Over the past few weeks, ThePostGame has caught you up on the status of both the London hopefuls and the Select Team roster training with them. Before we continue to speculate on who will end up with the privilege of representing the Red, White and Blue this summer, we thought we’d take a journey back into the past. With quite a few great teams having been fortunate enough to represent the U.S. in the Summer Olympics over the past 20 years, it made us curious as to how they stacked up. Here is our rankings of those squads from worst to first.

5) 2004 Athens Team
Coach: Larry Brown
Guards: Allen Iverson, Stephon Marbury, Dwyane Wade
Forwards: Carmelo Anthony, Carlos Boozer, LeBron James, Richard Jefferson, Shawn Marion, Lamar Odom, Amar’e Stoudamire
Centers: Tim Duncan, Emeka Okafor

To some it may be no surprise that the group that produced the nightmare finish in Greece sits at the bottom of the list, but it was much closer than one might think. The team was top heavy, headlined by Duncan (closing in on his fifth ring) and Iverson (one of the best pure scorers ever and a Hall of Fame lock) in their primes, but the rest of the roster was either callow or ordinary.

Anthony, James, Stoudamire and Wade weren’t the players we know them as today, while the other youngster, Okafor, has never been much more than solid despite his lofty draft status (and he barely saw the floor during the Olympics). Jefferson and Odom were in their primes but never even saw an All-Star team during their careers.
Boozer and Marion saw a few combined, but definitely were never considered among the best at their positions at any given point. Plus Boozer, at the time of the Olympics, was only 22-years-old himself and hardly an established veteran. Marbury, ever the enigma, was ultra-talented and made a few All-Star teams because of it, but was a selfish gunner who was undeniably difficult to get along with on and off the court.

All this added up to a disappointing bronze medal finish for the U.S. that year, the only time since professionals have represented our country that that has happened. That result, while not the only reason, leaves this team at the bottom of the rankings.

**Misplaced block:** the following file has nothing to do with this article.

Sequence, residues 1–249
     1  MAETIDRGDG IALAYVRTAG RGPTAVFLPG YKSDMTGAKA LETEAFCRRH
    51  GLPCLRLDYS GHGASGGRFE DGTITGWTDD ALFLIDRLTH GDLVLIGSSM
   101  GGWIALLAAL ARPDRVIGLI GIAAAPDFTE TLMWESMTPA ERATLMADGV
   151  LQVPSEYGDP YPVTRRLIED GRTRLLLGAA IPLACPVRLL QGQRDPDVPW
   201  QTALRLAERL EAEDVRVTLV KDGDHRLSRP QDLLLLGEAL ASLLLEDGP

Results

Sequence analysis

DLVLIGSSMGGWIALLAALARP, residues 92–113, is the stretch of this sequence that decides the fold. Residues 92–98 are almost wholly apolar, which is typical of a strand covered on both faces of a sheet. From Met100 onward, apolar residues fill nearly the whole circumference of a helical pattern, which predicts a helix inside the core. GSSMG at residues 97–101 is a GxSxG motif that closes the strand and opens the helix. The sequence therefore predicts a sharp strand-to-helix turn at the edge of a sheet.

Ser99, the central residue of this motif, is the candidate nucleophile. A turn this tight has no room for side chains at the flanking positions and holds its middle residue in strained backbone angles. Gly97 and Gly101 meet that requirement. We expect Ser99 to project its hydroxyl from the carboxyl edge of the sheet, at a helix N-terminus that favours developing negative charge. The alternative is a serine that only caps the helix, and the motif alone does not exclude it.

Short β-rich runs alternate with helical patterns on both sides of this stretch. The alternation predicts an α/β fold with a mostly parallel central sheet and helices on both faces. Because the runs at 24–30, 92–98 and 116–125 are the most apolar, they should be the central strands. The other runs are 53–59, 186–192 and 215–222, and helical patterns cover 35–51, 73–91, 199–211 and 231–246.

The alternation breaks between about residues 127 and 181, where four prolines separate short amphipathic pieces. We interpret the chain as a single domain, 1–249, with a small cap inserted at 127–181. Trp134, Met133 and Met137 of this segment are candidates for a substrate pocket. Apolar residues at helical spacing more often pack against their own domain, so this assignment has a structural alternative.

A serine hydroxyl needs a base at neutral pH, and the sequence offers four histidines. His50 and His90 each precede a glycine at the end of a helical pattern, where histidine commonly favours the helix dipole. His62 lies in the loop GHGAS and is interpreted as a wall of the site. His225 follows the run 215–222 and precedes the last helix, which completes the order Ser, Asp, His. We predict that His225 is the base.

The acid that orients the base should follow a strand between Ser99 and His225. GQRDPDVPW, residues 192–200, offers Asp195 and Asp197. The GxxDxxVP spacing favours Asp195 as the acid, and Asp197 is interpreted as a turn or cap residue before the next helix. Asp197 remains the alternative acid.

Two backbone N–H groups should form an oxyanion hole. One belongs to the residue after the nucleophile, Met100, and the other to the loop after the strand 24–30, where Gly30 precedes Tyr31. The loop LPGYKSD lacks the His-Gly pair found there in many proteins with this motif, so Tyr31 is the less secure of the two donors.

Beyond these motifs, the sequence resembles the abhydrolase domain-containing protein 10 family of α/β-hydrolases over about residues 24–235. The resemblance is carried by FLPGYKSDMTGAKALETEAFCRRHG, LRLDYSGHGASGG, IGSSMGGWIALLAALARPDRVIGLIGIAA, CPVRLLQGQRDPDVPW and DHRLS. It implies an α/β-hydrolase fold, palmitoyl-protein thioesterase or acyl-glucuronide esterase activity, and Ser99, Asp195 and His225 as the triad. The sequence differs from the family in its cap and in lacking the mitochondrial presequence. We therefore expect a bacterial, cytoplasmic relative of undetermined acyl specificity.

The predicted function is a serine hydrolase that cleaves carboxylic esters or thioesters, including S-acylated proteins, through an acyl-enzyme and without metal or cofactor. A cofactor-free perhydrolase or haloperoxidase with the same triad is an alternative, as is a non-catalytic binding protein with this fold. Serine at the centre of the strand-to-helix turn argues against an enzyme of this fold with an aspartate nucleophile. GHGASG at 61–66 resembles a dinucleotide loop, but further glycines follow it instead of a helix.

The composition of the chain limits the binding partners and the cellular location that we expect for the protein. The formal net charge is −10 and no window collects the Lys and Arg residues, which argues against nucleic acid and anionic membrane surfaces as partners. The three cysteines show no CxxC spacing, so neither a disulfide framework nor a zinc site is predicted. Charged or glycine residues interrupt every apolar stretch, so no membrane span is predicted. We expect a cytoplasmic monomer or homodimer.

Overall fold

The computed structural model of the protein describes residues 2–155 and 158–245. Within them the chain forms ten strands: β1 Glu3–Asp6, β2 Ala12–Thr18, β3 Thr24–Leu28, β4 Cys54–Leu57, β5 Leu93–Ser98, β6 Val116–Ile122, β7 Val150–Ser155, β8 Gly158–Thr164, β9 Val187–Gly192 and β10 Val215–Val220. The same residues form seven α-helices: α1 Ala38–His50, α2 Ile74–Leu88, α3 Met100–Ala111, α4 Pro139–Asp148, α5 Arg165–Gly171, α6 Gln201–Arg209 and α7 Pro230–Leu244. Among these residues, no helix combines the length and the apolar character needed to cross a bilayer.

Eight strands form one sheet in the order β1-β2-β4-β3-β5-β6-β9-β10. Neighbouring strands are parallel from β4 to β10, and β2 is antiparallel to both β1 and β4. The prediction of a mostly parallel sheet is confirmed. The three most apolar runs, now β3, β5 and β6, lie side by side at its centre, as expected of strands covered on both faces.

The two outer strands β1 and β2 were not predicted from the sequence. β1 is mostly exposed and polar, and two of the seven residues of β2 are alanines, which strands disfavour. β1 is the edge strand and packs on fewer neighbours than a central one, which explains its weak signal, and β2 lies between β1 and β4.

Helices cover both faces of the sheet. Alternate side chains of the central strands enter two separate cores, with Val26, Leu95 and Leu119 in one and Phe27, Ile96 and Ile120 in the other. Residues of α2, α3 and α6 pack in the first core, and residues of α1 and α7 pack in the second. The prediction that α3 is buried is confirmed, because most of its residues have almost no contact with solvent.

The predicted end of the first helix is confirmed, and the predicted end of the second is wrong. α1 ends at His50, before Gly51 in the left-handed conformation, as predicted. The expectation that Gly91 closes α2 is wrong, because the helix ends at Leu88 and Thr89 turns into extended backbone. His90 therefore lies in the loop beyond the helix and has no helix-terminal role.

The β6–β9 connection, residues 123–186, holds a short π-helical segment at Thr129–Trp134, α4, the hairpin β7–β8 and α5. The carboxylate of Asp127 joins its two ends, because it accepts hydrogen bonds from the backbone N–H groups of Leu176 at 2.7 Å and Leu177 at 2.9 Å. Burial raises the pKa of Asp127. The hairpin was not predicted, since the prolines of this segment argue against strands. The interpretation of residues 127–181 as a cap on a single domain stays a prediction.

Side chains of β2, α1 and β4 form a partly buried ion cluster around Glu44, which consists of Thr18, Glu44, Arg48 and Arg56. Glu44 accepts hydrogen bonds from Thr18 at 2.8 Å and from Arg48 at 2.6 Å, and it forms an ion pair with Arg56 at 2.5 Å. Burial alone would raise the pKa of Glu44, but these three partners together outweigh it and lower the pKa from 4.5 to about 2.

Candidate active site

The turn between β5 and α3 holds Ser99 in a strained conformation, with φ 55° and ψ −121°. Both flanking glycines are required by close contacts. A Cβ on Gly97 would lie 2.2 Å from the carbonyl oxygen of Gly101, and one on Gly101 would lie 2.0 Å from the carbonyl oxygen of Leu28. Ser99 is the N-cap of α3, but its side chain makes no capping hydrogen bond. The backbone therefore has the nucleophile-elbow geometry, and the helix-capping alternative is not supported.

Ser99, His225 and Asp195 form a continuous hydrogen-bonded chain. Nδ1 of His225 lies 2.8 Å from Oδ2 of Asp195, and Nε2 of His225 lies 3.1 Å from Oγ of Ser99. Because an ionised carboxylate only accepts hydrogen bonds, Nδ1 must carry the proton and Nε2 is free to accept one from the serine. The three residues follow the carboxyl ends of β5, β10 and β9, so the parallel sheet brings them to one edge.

4) 2000 Sydney Team
Coach: Rudy Tomjanovich
Guards: Ray Allen, Vince Carter, Tim Hardaway, Allan Houston, Jason Kidd, Gary Payton, Steve Smith
Forwards: Shareef Abdur-Rahim, Vin Baker, Kevin Garnett, Antonio McDyess
Center: Alonzo Mourning

The 2000 team that brought back the Gold from Australia is probably the most unheralded of the group. Garnett and Kidd, both in their primes at the time, led the team and are both locks for the Hall of Fame. Payton and a then-25-year-old Allen, two players also likely to be enshrined, joined forces with an aging Hardaway (five All-Star appearances) and an emerging Carter to form a very formidable backcourt. Carter produced one of basketball's most memorable moments with his famous dunk over the 7-foot-2 Frederic Weis. "Le dunk de la mort" (The Dunk of Death) was perhaps the moment that launched Vinsanity into full swing.

Smith and Abdur-Rahim each made a lone All-Star team and were very solid pros. Abdur-Rahim might have been a bigger name had he not been stuck on dreadful teams the majority of his career. The rest of the roster is a case of “What might have been."

Mourning, a brutally physical and dominant center, saw his incredible career sidetracked by a serious kidney disease. Houston, whose game wasn’t nearly at the level of Mourning's, still met an early end to his career, too, due to a devastating knee injury. Baker was extremely productive during his NBA career despite having problems with alcohol abuse. His four All-Star appearances might have been double that had the troubled forward kept his life under control off the court.

The fact that this team allowed the aura of invincibility built by the first two "Dream Teams" to fade thanks to several tight games during the tournament almost knocked them to the bottom of the rankings. However, thanks to KG, Kidd and a few other potential Hall of Famers, they brought home the gold and the fourth spot on our rankings.

3) The 2008 Beijing Team
Coach: Mike Krzyzewski
Guards: Kobe Bryant, Jason Kidd, Chris Paul, Michael Redd, Dwyane Wade, Deron Williams